Do you struggle with what needs to be done in an audit–and what does not? Do you perform audit procedures (because they are in a standard audit program) but you’re not sure why? Do you want to be more efficient? You are not alone.
While audit forms—like risk assessment, audit planning, and audit program—are necessary, they can make us feel like a blind man being led by the hand. If you’re like me, you want to see, to know where you’re going and why. To gain sight, we need to go back to the basics.
Each year, Vince Lombardi (the revered coach of the Green Bay Packers) held a pigskin up and said, “This is a football.” And he did so with the best players in the world. He knew that winning is all about basics: blocking, tackling, passing, running. Understanding fundamentals bring clarity and power. And that’s what I’m after in The Why and How of Auditing. I’ll strip away the technical mumbo-jumbo and make auditing accessible, even for beginners. Moreover, experienced auditors will profit as you revisit what matters (and what does not).
The Why and How of Auditing
Here’s an overview of the upcoming posts:
- The Why and How of Acceptance and Continuance
- The Why and How of Risk Assessment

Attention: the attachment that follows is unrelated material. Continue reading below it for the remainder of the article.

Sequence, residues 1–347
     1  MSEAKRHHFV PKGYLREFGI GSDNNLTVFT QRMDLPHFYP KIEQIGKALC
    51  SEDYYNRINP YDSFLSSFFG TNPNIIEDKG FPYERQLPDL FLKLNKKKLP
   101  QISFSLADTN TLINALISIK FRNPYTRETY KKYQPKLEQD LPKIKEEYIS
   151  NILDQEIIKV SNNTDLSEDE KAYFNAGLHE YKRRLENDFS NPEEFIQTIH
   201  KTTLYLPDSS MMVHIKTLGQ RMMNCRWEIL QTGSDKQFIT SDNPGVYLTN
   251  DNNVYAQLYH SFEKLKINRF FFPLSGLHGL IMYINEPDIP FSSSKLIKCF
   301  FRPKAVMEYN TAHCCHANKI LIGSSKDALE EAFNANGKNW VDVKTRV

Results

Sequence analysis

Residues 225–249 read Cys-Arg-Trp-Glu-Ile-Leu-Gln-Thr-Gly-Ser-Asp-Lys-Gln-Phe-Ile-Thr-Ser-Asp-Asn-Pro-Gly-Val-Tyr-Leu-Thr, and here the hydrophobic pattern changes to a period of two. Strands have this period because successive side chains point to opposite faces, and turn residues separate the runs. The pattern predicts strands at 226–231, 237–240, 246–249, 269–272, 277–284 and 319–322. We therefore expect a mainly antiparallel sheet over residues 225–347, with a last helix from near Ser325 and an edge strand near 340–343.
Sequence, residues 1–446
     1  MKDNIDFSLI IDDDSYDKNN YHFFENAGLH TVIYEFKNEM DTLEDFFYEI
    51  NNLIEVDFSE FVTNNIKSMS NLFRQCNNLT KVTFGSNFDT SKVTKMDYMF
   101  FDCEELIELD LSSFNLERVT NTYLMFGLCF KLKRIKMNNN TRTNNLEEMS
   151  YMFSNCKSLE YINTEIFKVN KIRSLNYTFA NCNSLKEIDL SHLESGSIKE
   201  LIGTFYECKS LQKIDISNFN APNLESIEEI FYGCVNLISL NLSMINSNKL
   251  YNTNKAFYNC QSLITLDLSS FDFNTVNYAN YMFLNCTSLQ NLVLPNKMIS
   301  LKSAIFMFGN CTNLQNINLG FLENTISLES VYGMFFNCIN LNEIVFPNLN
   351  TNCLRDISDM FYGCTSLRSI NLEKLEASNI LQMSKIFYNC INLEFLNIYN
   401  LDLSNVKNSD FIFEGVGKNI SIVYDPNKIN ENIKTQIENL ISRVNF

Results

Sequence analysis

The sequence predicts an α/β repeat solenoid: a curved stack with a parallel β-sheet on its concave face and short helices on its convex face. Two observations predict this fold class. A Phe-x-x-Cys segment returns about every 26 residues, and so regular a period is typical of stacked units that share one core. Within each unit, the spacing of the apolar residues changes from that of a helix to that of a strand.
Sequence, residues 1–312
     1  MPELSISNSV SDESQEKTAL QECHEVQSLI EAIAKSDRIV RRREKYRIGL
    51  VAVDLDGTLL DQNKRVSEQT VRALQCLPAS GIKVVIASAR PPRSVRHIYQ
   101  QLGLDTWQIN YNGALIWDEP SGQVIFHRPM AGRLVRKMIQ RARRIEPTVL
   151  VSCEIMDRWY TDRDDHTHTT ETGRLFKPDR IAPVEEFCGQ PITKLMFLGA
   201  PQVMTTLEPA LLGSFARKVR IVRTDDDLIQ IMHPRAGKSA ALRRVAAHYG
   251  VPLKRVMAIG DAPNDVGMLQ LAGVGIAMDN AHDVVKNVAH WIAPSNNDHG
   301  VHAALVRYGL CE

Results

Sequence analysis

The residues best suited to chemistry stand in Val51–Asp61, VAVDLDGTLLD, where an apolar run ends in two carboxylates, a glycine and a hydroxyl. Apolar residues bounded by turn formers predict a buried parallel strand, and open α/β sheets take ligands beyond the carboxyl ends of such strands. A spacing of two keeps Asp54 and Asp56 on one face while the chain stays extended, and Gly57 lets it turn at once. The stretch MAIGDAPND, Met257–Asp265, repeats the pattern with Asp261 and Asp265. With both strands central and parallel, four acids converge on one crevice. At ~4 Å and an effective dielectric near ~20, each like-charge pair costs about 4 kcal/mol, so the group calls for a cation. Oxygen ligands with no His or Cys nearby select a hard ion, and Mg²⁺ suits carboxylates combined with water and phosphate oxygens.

- The Why and How of Fraud Auditing
- The Why and How of Audit Planning
- The Why and How of Auditing Cash
- The Why and How of Auditing Receivables/Revenue
- The Why and How of Auditing Property
- The Why and How of Auditing Payables/Expenses
- The Why and How of Auditing Payroll
- The Why and How of Auditing Debt
- The Why and How of Auditing Equity
- The Why and How of Wrapping Up Audits
- The Why and How of Project Management
Moving from Wasteful Auditing to Efficient Auditing
In the cartoons I read as a kid, Lucy would say to Charlie Brown, “I will hold the ball, and you kick,” but as Charlie Brown would lean into his launch, she would pull away. And you remember the result: Charlie Brown, lying on his backside.
Some audit procedures (like the invitation to kick) are tempting. They call us (like a familiar friend), but they are a waste of time–even if we have done these steps for years. In the end, they leave us staring at the sky. So, we need to know what is best and what is necessary. Then, we can avoid waste.
This series provides you with what you need to know—without excess baggage. By design, the series is simple. Why? To provide clarity. I want you to understand the basics of auditing.
When you’re done, you’ll understand auditing, possibly in a way you never have. Then you’ll work with greater confidence and effectiveness. And you’ll be more efficient. So, let’s begin.
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